If you thought Madoff scandal would serve as a reminder against buying shit financial services you thought wrong. Simply wrong. Ego of the successful man is far easier to cater to…he/ she will fall for it much much faster.

Sadly I know some of these ‘event managers’ , wealth managers, brokerage houses…and others who organize such functions. I also know many rich people who attend these functions as well as wannabes who attend them. Recently I have got invited to one which i am not attending – even though it is good fun attend one or two to see how it goes.

For example one person with a net-worth of Rs. 3 crores (Rs. 30 million) who wanted to invest Rs. 50 lakhs in a mutual fund (fund of funds) with a 5 year lock-in, a 4% upfront load, fund selection cost of 0.07% p.a. + amc charges of the fund house! I used to be amazed earlier about such deals. Now I realize that this is how human beings behave. The only thing that i can do is sigh. This is because by the time they ask me, the cheque is already gone.

The event itself was a grand function arranged in a 5 * hotel. He was told that he had been selected for a big Wealth event – his relationship manager had called him 7-8 times to confirm. They were asked to come in formals for a lecture on Wealth management by an expert. At that lecture he was told ‘SIP is a good concept Sir, but that is for the person earning Rs. 25,000 a month – NOT FOR THE RICH like you’. His wife was stunned by the sho sha that was put up.

So even though this person was running many SIPs he felt (my assumption) that ‘Yes, maybe I have outgrown – and maybe Subra is still treating me like I am middle class’.

However in this case my ‘friend’ was not allowed to give the cheque without asking me – his wife did the good deed. I just re-engineered the transaction and he recoiled at the total impact of costs. However this happened because he did not part with the cheque at the event itself. Also analyse your own financial personality. If you are the easy to part with cheque kind of a guy, go to such meets WITHOUT your cheque book – remember if it is your OWN bank they can just get the papers signed, they may not need the cheque leaf..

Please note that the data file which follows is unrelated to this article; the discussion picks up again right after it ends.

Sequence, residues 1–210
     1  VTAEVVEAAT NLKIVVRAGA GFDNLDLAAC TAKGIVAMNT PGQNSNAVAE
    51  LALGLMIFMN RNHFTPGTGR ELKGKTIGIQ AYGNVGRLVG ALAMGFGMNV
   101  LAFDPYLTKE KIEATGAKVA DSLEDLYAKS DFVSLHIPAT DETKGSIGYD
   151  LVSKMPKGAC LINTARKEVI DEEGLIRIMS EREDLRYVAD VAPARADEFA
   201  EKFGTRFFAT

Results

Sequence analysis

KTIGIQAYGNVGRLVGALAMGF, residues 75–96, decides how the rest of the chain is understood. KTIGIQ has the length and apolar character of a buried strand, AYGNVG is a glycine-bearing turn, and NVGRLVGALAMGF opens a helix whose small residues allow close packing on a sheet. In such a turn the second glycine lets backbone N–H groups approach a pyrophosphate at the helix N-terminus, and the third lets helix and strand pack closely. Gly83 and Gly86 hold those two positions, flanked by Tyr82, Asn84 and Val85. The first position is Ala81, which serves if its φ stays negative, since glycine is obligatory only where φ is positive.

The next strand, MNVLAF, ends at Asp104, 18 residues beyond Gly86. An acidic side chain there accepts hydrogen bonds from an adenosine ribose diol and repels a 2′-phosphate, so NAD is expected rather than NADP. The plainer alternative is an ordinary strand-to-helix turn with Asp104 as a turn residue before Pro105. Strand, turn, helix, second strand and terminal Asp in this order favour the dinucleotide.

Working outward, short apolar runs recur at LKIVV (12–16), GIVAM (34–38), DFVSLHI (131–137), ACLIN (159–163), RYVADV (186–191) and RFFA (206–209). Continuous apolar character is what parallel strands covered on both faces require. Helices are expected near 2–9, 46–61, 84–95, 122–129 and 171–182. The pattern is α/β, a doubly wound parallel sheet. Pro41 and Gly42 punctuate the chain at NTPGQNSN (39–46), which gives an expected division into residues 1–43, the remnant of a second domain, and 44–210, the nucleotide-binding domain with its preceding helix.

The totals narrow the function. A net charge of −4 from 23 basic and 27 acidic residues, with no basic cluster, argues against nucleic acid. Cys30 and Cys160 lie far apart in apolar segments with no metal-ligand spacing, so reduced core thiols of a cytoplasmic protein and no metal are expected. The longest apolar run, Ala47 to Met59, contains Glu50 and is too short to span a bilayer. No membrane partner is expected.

If you are rich (or about to get rich)  and wish to invest your money – a) learn about investing – if your ego does not permit you to learn, understand that you do not understand b) invest in an index fund

Indexing is not the most efficient way of investing – but it protects the downside well. If you had invested Rs. 3000 in 2002 it would be worth Rs. 17000 – not bad is it? You would have paid out some money in fees, but got more than that in dividends – so overall you would still have your 17k. The result would of course been far better if you had done a SIP – thanks to the sharp downturn and recovery of 2008 and 09. Almost all fund houses have an index fund – would be happy to help you select :) .

This is much better than fixed deposits or other debt instruments…and by a mile.

 

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  1. Good one Subra. People don’t realize the hidden agenda. This blog reminded me of my bank rel manager inviting me to TAJ back in 2008 which I turned down. I totally agree with point a). Thers nothing like it. I beg to differ on b). In the last 5 years, the index has not gone anywhere. And I don’t see improving in the near future. Thats too long a period. You need a very big bull marker to make up for that opportunity cost. ( In the same time a lot of quality stocks have given tremendous returns). If one doesn’t understand equity, I think they should either consider pure debt investment or invest in a mix of FMCG stocks. Yes even at this stretched valuation..

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